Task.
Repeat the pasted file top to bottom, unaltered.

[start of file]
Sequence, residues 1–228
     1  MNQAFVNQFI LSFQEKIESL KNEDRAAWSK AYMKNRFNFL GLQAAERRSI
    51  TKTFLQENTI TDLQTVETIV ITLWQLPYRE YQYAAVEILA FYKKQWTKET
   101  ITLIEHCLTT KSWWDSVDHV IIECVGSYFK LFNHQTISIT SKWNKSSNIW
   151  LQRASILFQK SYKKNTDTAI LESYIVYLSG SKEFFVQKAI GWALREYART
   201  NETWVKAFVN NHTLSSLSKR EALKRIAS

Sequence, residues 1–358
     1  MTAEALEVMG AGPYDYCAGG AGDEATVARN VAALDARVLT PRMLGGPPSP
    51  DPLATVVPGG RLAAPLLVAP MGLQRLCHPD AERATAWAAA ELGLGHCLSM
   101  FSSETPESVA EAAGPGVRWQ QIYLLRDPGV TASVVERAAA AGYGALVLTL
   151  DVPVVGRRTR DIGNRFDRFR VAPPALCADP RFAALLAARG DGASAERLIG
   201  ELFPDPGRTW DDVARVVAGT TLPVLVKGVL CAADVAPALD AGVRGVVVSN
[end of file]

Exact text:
Sequence, residues 1–228
     1  MNQAFVNQFI LSFQEKIESL KNEDRAAWSK AYMKNRFNFL GLQAAERRSI
    51  TKTFLQENTI TDLQTVETIV ITLWQLPYRE YQYAAVEILA FYKKQWTKET
   101  ITLIEHCLTT KSWWDSVDHV IIECVGSYFK LFNHQTISIT SKWNKSSNIW
   151  LQRASILFQK SYKKNTDTAI LESYIVYLSG SKEFFVQKAI GWALREYART
   201  NETWVKAFVN NHTLSSLSKR EALKRIAS

Sequence, residues 1–358
     1  MTAEALEVMG AGPYDYCAGG AGDEATVARN VAALDARVLT PRMLGGPPSP
    51  DPLATVVPGG RLAAPLLVAP MGLQRLCHPD AERATAWAAA ELGLGHCLSM
   101  FSSETPESVA EAAGPGVRWQ QIYLLRDPGV TASVVERAAA AGYGALVLTL
   151  DVPVVGRRTR DIGNRFDRFR VAPPALCADP RFAALLAARG DGASAERLIG
   201  ELFPDPGRTW DDVARVVAGT TLPVLVKGVL CAADVAPALD AGVRGVVVSN